Do Ferrets Need Another Ferret (Need to be in Pairs)?

Do ferrets need another ferret

Ferrets are sociable and affectionate pets. They are also curious and busy little animals, during their waking hours. People new to ownership will often wonder whether ferrets need to be in pairs. Here’s all you need to know, with a short answer first.

Do ferrets need another ferret? Ferrets don’t necessarily have to live in pairs. They can survive in a number of social configurations if they enjoy enough interaction with another being, and have a stimulating environment to live and play in. 

So, bottom line is yes, it is ok to have just one ferret. But if you do that, you should make sure the ferret is not lonely and is mentally stimulated. If you can’t guarantee that, then two ferrets are better than one.

In the rest of this guide I will explain more about the benefits of ferrets living in pairs, whether you can have 2 male ferrets, whether they should share a cage, and how to ensure they get along. 

Handy Hint: You will need a large cage for two ferrets.

Do ferrets need to live in pairs?

As discussed, ferrets don’t have to come in pairs, but it can help. Personally, I would always think that two ferrets are better than one, as it’s impossible to keep a ferret occupied and 24 hours a day. 

Some of the possible combinations you might consider include:

  • Single ferret household. 
  • A pair of ferrets.
  • Small groups of ferrets.
  • Living with pets of other species.

There are pros and cons associated with each scenario. 

1. Single ferret household

Keeping just one ferret will reduces the time and cost associated with keeping such a pet. You need less space, and will spend less money on food, litter and medical bills. 

Depending on its nature, a ferret could potentially demand much of you and its environment, in terms of enrichment. It will want to cuddle and play, and generally spend time interacting.

Do ferrets needs to be in pairs
The single ferret might be perfectly happy not living in a pair. (Credit:

This does not always translate into the expenditure of as much energy as a dog may need, for example, but will require you to spend time with your pet. One way of occupying a ferret is to play games with it that are mentally stimulating, e.g. hiding treats.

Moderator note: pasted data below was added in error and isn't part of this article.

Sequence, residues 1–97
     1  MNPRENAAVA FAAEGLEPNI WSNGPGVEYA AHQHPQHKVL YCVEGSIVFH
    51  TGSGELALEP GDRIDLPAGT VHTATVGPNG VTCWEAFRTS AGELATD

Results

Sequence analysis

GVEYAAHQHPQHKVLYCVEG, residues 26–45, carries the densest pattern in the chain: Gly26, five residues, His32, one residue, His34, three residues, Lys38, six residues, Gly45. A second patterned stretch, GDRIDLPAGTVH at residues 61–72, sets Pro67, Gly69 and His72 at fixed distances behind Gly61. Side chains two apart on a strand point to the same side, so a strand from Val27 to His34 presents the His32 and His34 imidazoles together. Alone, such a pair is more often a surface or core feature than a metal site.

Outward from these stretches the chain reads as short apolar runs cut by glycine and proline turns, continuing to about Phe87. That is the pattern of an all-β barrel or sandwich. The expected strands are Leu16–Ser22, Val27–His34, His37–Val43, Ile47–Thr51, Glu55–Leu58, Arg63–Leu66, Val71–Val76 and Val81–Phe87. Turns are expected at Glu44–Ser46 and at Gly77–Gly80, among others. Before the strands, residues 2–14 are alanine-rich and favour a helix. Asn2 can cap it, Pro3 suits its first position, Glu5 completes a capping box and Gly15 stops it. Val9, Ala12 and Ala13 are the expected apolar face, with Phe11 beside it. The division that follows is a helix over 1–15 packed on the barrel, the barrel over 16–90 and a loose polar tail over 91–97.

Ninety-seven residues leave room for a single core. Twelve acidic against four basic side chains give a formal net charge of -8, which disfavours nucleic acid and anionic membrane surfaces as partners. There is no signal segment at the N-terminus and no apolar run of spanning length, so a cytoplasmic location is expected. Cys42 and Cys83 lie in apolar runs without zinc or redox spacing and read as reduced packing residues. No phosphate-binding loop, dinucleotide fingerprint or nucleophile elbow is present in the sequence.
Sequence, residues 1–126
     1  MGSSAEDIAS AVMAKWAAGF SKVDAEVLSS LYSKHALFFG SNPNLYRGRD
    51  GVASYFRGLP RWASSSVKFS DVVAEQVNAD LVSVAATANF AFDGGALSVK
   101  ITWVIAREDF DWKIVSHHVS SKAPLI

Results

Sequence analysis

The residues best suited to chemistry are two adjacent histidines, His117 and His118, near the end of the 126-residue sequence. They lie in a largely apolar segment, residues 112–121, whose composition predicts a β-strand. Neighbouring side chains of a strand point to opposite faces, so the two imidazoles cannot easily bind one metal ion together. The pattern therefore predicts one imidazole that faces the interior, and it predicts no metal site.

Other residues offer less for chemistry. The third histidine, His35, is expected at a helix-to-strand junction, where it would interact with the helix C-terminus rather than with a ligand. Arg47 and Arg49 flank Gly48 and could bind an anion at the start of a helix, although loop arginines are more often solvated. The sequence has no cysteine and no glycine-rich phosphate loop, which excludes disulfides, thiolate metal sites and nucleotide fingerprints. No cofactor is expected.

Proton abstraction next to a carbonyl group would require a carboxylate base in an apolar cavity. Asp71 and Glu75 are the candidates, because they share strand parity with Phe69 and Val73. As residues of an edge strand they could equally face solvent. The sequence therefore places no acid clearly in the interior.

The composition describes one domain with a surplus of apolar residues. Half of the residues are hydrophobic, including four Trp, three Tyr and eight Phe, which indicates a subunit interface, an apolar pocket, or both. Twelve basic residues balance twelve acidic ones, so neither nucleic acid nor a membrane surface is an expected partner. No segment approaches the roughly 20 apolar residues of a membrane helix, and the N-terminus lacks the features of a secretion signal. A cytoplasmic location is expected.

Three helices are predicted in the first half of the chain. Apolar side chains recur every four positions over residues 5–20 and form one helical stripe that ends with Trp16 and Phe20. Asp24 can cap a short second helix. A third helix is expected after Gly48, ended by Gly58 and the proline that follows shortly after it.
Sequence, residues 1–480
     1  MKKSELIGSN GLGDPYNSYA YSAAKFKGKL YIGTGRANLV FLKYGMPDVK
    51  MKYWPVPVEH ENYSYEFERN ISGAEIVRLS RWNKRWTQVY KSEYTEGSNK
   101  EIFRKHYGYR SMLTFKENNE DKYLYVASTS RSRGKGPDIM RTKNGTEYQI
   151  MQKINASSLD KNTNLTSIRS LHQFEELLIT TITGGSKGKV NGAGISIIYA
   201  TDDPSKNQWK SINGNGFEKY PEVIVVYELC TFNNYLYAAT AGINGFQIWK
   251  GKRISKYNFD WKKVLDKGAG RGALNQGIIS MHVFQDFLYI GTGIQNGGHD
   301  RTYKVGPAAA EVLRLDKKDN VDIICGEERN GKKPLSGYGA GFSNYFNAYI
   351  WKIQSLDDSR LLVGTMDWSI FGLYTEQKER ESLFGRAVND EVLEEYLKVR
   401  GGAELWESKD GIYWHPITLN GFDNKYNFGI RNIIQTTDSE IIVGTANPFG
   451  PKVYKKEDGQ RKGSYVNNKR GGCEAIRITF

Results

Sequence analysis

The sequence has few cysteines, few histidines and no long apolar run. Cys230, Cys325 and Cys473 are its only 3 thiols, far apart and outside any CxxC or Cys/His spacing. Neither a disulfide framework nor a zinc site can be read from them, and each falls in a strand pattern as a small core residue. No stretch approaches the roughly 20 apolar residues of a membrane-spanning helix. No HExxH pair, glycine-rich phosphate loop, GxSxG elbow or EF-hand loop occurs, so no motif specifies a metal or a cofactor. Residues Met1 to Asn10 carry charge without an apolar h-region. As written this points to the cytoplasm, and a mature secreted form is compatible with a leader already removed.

There are several tools and techniques available for enriching a ferret’s environment. An activity box filled with a variety of toys and interesting entries and exits will help to keep the ferret interested. They also enjoy exploring tubes, tunnels, cardboard boxes and packets. 

The ferret will be comfortable sleeping in a fleece blanket or hammock, in a cage. For its waking hours, you could explore the option of opening up a fee areas of your home in which your ferret can roam freely. 

Better still, open up different areas from time to time, in order to maintain the animal’s curiosity. 

If you can adequately escape-proof an outside area, your pet will enjoy digging in some soil, and hiding among bushes. Soil baths seem to have a deodorising effect on ferrets. 

Ferrets can be trained to walk on a lead. A daily walk will have the added benefit of giving you a reason to get out of the house for some exercise. It may even spark some interesting conversations with others you meet on the route. 

Ferrets are crepuscular which means they are most active during the twilight hours of dawn and dusk. For the rest of the day, they will be content to rest in a dark, comfortable spot, preferably in its cage. You and your pet could happily interact until it is bedtime for the ferret and time for you to get on with your daily or night time routines. 

Most ferrets are neutered before they are sold. This will greatly alleviate the frustration felt by a single ferret, in seeking companionship.  

Something to also consider here is that often ferrets will bond very well with their human owners. Here’s how you can build a bond with your own ferret if they are solo pets.

But what about the consideration that ferrets need to be bought in pairs. Here’s how that sceniario could play out…

2. Owning a pair of ferrets

Like most species, individual ferrets have their own character traits, foibles and personalities. Pet ferrets range from loners to social butterflies, and there could be bullies in the mix. 

It doesn’t always follow that one ferret will live with just any other ferret, so care needs to be taken when pairing roommates. It is a bit like dating. You need to find a good match as 2 ferrets do not always get along.

As with single ferret households, you need to eliminate complications by ensuring that both animals are neutered. The pair can be of the same sex or opposites. 

Do ferrets need to live in pairs
I believe ferrets should live in pairs to avoid loneliness (Credit:

You probably stand the best chance of forming a bonded pair by acquiring two litter mates, at the same time.  

If you have one ferret ensconced in your home before acquiring the second one, introducing the two needs to be carefully managed. If it is possible, do so on neutral ground. 

Start with a short period of introduction, with a barrier, such as a fence, between them. If their reactions do not raise any concerns, bring them together in the same space, restrained on leads, but also for a short period of time. Allow them to sniff and size each other up.